If you look at the CSS Google is using and then look at the invalid markup they are using, it makes you wonder WHY they can't clean up some of this stuff. I fully understand the bytes issue. But the above can easily be handled via CSS with less bytes.
The vast majority of pages on the web don't validate.
That statement might have been true 5 years ago. That is no longer the case in many industries. Things are starting to shape up. Out of the 520 website home pages we are now monitoring, 13% or 68 of them are valid. If I would have performed this exercise 5 years ago, that number might be more like 3%. So, that above statement may still be somewhat valid but I don't think it is a viable excuse for not writing valid markup and following protocol.
We have to crawl, index and return results on the web. Even if pages don't validate.
That's the bottom line. And, we all know that the bottom line is usually the overriding factor. After building a crawler over the past few years, I fully understand the procedures involved with crawling and indexing. The number of error handling routines we have in place is pretty involved. And you know what? During our crawling and comparisons, sites with invalid code require a little more processing time on our end due to the error handling routines.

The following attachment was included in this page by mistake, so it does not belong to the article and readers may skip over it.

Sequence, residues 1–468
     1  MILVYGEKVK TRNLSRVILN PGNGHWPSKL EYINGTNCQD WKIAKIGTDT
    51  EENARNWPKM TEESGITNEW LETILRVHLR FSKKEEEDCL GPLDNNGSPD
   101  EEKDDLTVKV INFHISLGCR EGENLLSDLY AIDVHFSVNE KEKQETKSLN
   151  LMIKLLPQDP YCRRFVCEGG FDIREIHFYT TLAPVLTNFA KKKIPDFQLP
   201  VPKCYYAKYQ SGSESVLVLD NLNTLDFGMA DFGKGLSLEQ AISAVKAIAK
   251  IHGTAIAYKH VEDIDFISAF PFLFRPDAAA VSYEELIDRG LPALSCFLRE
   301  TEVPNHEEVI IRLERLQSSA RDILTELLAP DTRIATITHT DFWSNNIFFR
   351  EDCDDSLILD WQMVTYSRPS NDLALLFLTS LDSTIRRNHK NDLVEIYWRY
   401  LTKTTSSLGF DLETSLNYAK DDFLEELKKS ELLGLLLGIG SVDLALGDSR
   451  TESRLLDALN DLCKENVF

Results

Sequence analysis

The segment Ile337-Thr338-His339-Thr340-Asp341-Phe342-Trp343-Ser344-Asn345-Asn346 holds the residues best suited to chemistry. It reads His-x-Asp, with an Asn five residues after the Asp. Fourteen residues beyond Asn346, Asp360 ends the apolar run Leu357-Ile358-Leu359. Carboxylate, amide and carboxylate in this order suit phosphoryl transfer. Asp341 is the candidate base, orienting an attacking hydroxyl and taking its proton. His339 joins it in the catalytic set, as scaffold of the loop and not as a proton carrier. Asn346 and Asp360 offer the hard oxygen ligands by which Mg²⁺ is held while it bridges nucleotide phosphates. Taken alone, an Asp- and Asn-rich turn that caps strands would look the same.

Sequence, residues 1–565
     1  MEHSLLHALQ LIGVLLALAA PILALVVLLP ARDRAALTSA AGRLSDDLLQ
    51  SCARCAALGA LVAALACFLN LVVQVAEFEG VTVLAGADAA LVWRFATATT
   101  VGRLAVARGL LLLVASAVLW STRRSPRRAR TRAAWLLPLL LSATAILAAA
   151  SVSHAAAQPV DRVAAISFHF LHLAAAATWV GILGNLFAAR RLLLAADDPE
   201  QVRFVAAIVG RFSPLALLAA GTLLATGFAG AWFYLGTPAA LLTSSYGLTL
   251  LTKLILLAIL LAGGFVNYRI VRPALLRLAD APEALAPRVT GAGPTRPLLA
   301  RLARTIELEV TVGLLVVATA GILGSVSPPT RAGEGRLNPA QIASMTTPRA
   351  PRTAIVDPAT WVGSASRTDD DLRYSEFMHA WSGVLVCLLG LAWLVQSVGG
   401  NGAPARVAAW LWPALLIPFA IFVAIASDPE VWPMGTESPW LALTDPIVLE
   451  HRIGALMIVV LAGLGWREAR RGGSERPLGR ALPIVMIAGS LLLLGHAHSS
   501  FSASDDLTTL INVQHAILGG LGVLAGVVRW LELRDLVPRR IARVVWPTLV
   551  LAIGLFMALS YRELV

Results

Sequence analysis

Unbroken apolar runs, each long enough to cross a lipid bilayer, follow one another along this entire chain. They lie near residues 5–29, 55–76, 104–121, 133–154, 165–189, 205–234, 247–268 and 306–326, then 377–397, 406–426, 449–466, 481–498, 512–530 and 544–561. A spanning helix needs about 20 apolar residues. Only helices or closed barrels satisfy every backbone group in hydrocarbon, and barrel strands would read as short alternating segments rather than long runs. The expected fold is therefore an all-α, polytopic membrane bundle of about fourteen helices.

So, is Google stating that they don't care about valid code? That Webmasters can code however they wish and that the almighty Google/Googlebot will figure it out while crawling? Here's a question and one that will probably never be answered.
If I have two identical sites (twins) and one is valid, the other is invalid, which site performs better overall? That question will never be answered because in real life, it doesn't happen. There is no way to perform testing at this level. I've thought about it for years and it just isn't going to happen.
That's okay. I have many individuals right now who are interested in cleaning up their markup errors. In fact, I've been providing a few free consultations to various folks and assisting them in getting things in order. We have one person who has documented everything and will be monitoring through the rest of the year. Not to mention many others who have cleaned up and learned quite a bit in the process. ;)
I'm happy that Matt released this video as it explains why Google doesn't validate. Nowhere, and I do mean nowhere in that video does Matt explain why your site doesn't or shouldn't validate!
"real world tests show the things that go into clean, valid and accessible code DO help websites do better in SEO."
I am convinced of that too. Validation might not be assessed directly but a developer who strives to write valid code will likely do other things better than average which do make a difference to one's SEO results. It's all part of the mindset.
For me personally, some of the most important thoughts I ever read about the mind that is committed to valid code are Claus's comments in this thread:
That said, "perfect" validation is not always realistic, but "better" validation usually is.
And as far as compatibility goes, my experience is that vaid code is MORE, not less cross-browser compatible.